Saturday, August 17, 2013

Pier 21: The Gateway that Changed Canada, by Trudy Duivenvoorden Mitic and J.P. LeBlanc

During a graduate class discussion one semester, we got to talking about family histories and immigration to Canada.  My own family’s history in Canada can be traced back to a land-grant for service rendered during the Peninsular War (paternal) and to New France (maternal), so I’ve always just identified myself as Canadian, and I did the same for anyone else that didn’t speak with an accent or whose parents didn’t speak with an accent.  In listening to my fellow classmates however, I realized that this was an incredibly naïve world view – many of my friends were three or four generations removed from their own family’s immigration history, but still considered themselves to be British-Canadians, Italian-Canadians, or Baltic-Canadians.  Because my own family’s immigration history is so far in the past, I’ve never identified with a ‘mother-land,’ but for those who had grandparents who came across the Atlantic, that country of origin was very much a part of their daily-lives and personal truths.  

Now, for my birthday this year, my dad and aunt gave me a trip to Halifax, Nova Scotia.  While there, I hit all the places you’d expect a historian to go to – the Citadel, the public gardens, the water-front with the Historic Properties, and Pier 21 (Canada’s national museum on immigration), which had been used for decades at the main landing point for passenger ships putting into Canada with immigrants from Europe.  I knew a little bit about the immigration process, but not a great deal, and I had never thought to connect it with my own family’s history (the boats we came over on were wooden sailing vessels, after all).  Realizing I had no concrete knowledge about this important part of Canada’s history, on my way out of the museum, I picked up the book Pier 21: The Gateway that Changed Canada, by Trudy Duivenvoorden Mitic and J.P. LeBlanc.

Pier 21: The Gateway that Changed Canada tells three stories.  The first is of the history of Pier 21 itself, and it covers everything from the Pier’s opening, to the upkeep of the building, to who managed it.  The second story this book tells is of Canada’s immigration history, specifically the changing tides that Pier 21 witnessed – from Eastern-Europeans looking for a future on Canada’s parries, to the war-brides coming home following the war, to the urban-bound peoples of Europe following the war-years.  The final story this work tells is of the immigrants themselves; what they experienced on the ships, what they experienced at Pier 21, and what they experienced during their integration into Canada’s culture.  The interesting thing, however, is that these three stories are so closely weaved together that Duivenvoorden Mitic and LeBlanc don’t even try to tease them apart, but rather they weave them all together, and present them as a whole.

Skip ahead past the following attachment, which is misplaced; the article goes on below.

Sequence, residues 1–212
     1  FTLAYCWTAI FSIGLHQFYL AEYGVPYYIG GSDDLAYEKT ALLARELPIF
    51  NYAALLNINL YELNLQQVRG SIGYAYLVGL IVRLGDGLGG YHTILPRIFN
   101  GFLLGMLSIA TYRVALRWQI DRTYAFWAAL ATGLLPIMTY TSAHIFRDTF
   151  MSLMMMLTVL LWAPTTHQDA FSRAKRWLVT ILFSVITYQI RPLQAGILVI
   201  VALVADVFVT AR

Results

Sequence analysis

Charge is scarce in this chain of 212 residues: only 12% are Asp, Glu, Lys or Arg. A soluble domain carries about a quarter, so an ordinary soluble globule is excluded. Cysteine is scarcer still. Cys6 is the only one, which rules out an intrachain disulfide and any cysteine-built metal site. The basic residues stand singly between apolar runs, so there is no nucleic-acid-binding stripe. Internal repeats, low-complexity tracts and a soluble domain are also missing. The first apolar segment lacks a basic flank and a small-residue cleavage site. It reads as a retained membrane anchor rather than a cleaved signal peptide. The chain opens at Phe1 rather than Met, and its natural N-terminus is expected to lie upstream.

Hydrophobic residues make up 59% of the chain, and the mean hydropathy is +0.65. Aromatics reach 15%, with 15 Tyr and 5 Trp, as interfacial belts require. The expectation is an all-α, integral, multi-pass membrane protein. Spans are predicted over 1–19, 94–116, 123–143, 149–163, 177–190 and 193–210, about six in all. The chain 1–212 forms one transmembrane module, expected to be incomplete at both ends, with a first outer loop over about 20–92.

While Pier 21 tells these larger stories, it also tells a whole host of smaller, more personal stories.  The reader is introduced to individuals as well as larger groups, and this helps add an extra layer of truth and reality to this work; one might not be able to emphasize with the ‘passengers’ of the Scythia, but you can surely feel for Jacqueline and her mother, Doris Kendell Whalen, who were coming to Canada to meet up with Jacqueline’s father, who had never see his child, but was to be reunited with his family as part of the war-bride movement.  

What I also like about this book is the authors’ no-nonsense position on the St. Louis affair – this ship was turned away from Pier 21 in 1938, even though it was carrying more than 900 Jews; when it was forced to return to Europe, Canadian Immigration Officials were in effect signing the death-warrants of those aboard – they were being sent home to Nazi extermination policies.  It’s a dark and shameful part of Canada’s history, and Duivenvoorden Mitic and LeBlanc don’t hide from it, and in fact, they call out the Canadian Government for their decision. 

Another aspect of this work that I liked was the authors’ ability to straddle the academic and the popular writing style; while this book is clearly based on a wealth of research (both document- and interview-based), it is also accessible to non-academic readers who want to learn more about the importance of immigration to Canada and the impact of the Pier 21.  I devoured this book in one sitting, and found it to be both engaging and incredible informative.

So, final verdict?  If you can find it, read it.  It’s a wonderful testament to a crucial part of Canada’s history, and it’s an accessible and interesting read.  While I came to my own realization that Canada’s population history is more dynamic than I had though in the past, this book helped me in reinforcing my understanding of what new Canadians go through when the set out from their homes to come to a strange land.  I’m a firm believer in doing for yourself and working hard to succeed, and I have the utmost respect for those who embrace that mentality, and my visit to Pier 21, and reading Duivenvoorden Mitic and LeBlanc’s work highlighted for me that immigrants to Canada live that principal to the utmost.  Pier 21: The Gateway that Changed Canada is an homage to past, present and future immigrants to Canada, and should be read by everyone.  

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